27th February 2019
It may have escaped your notice – a lot of these consultations don’t get the promotion I think they should, especially when it can affect so many people/businesses – but the Government carried out a consultation in 2018, on a proposed reduction of the VAT threshold.
It is rumoured that the Chancellor was talked out of a unilateral decision to change the threshold in the Autumn budget 2017, by business groups like the CBI and FSB, with a consultation on a reduction the compromise. The cynics out there may suggest that this is merely delaying the inevitable, but consult they did and we now await the formal outcome.
At present the VAT threshold increases annually in line with RPI and currently sits at £85,000. This is the limit of taxable turnover a business can bring in before having to register for VAT. The proposal under consultation was to either freeze the threshold, as has now happened in the budget, or to reduce it significantly, to somewhere in the region of £20,000-40,000. The Chancellor is of the belief that at its current level the threshold is creating an arbitrary ceiling that stops businesses from going for growth. I have also experienced this with some businesses, where they would rather turn business down or delay carrying it out rather than go over the VAT threshold. By reducing the threshold to £20,000, the Chancellor would bring nearly every ‘proper’ business into the VAT net, raising up to £2 billion in extra tax revenue annually.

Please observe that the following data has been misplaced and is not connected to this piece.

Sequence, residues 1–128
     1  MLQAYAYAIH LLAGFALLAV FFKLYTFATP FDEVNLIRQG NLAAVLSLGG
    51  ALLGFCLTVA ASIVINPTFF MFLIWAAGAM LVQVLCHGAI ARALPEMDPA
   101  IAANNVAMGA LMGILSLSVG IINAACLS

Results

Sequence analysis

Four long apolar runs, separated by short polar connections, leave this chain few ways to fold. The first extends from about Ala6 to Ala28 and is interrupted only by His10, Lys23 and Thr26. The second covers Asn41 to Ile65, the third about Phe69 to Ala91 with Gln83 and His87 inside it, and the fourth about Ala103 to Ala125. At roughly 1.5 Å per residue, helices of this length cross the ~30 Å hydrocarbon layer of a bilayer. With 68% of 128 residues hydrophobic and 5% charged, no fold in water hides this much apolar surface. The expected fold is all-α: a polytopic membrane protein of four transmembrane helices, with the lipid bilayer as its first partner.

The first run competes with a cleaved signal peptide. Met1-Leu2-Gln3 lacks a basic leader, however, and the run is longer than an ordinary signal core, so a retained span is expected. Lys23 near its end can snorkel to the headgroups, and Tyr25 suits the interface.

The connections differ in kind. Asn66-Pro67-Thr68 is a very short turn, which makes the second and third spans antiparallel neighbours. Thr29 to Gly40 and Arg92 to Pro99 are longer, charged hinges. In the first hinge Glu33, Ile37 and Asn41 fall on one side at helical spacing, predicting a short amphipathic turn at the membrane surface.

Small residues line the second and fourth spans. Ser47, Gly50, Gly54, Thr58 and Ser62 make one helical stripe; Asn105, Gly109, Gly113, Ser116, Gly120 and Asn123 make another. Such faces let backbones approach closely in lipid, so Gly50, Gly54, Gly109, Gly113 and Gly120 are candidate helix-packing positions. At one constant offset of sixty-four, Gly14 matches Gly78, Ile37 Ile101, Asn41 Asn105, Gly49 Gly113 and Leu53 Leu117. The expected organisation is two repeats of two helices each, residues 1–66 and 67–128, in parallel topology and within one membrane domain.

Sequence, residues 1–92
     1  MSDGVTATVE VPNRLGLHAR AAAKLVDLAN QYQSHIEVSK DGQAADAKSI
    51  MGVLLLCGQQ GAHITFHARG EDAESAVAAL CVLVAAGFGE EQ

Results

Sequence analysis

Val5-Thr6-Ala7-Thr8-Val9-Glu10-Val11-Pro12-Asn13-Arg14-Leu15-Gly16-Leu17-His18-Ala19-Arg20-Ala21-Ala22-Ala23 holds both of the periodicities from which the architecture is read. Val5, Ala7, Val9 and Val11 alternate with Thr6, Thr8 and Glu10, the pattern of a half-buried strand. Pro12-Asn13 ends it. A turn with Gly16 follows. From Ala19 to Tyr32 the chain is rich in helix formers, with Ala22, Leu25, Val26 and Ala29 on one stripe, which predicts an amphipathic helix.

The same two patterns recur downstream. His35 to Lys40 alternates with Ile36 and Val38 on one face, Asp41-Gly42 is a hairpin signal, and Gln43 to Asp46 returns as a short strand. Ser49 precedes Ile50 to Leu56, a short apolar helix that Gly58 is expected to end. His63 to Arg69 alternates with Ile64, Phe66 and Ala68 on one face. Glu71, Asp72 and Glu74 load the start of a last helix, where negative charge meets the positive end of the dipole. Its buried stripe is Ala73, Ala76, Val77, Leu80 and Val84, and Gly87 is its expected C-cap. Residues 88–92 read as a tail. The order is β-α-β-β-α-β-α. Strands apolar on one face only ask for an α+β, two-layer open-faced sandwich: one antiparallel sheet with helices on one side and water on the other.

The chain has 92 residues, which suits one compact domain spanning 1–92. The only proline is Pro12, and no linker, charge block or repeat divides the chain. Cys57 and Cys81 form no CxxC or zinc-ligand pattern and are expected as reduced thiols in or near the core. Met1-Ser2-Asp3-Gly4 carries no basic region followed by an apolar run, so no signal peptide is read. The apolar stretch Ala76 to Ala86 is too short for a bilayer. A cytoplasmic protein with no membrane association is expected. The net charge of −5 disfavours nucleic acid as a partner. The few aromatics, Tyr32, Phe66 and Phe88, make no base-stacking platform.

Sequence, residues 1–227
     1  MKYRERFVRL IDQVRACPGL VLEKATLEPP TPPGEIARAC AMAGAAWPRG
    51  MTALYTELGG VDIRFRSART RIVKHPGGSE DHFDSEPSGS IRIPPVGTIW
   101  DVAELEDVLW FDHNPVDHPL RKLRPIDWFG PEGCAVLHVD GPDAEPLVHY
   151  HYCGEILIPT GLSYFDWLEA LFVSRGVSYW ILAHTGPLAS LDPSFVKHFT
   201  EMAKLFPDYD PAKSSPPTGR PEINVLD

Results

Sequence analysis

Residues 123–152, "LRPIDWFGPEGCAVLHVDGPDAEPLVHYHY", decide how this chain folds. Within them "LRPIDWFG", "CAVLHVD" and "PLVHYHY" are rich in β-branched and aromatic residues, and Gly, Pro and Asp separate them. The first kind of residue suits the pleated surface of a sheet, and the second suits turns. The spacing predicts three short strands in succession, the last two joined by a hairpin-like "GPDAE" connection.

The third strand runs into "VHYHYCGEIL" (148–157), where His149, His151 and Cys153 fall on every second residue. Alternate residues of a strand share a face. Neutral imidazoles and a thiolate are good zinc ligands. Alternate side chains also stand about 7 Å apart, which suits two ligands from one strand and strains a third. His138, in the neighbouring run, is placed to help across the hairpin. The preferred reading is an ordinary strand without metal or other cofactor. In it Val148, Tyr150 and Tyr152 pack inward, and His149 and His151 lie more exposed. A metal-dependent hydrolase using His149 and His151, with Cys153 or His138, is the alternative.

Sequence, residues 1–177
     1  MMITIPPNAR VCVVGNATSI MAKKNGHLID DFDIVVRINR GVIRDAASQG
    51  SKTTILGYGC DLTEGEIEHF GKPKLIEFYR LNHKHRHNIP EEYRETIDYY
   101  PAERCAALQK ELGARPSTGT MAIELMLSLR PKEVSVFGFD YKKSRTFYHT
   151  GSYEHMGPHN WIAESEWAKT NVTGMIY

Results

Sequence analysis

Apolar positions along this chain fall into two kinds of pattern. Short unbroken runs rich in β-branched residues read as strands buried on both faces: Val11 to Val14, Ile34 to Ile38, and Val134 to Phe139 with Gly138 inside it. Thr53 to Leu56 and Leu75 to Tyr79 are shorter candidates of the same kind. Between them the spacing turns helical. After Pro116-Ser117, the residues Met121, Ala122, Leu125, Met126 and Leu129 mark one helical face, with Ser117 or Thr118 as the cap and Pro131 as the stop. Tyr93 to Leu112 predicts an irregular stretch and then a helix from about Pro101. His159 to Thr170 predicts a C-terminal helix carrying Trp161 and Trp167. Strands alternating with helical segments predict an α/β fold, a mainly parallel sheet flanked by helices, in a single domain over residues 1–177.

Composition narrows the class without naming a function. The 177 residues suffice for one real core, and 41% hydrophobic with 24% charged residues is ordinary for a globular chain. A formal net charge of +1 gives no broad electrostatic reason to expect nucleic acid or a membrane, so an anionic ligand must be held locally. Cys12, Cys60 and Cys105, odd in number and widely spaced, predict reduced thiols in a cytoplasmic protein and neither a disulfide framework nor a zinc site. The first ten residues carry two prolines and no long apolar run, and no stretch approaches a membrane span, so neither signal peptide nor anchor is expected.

I say proper, not to do a disservice to those beneath that level, but to separate them from businesses generating income from regular trade as opposed to businesses that are run by individuals as a part-time hobby. If your revenue is less than £20,000 over a 12 month period, then in my view, that business is not likely to be able to support you to live off its income.
The argument of the business groups was that a reduction to the levels proposed would more likely drive people out of business rather than support growth. I tend to disagree with this view and I have several clients on either side of the threshold.
In my opinion, a reduction to £20,000 would have a levelling effect and would mean everyone competes on the same basis, both financially and with the administration of the tax system. It also removes the opportunity for cash transactions as with the introduction of Making Tax Digital (MTD) for VAT coming into force in April 2019, all business will have to report their taxable income to HMRC digitally, direct from their accounting systems. If everyone must charge VAT, and everyone must pay VAT, then there can be no competitive edge because of tax – we will all compete purely on service and pricing of goods and/or services.
The effect of a reduction in the threshold will not be as great on each business as most fear by becoming VAT registered. Yes you have to charge the VAT onto your customers, and in the case of selling to private individuals this does create an added cost, but the chances are your pricing is already slightly higher as a result of VAT anyway. In procuring any goods and services to deliver the job and or run your business, you will have paid VAT and in order to recover those costs, you, in turn, increase your sales price, ever so slightly.
You may be right to argue that I have a vested interest – helping small businesses with their accounts and VAT returns – but personal considerations aside, I have to say I would support the reduction and think that it would ultimately be a good thing over the long term.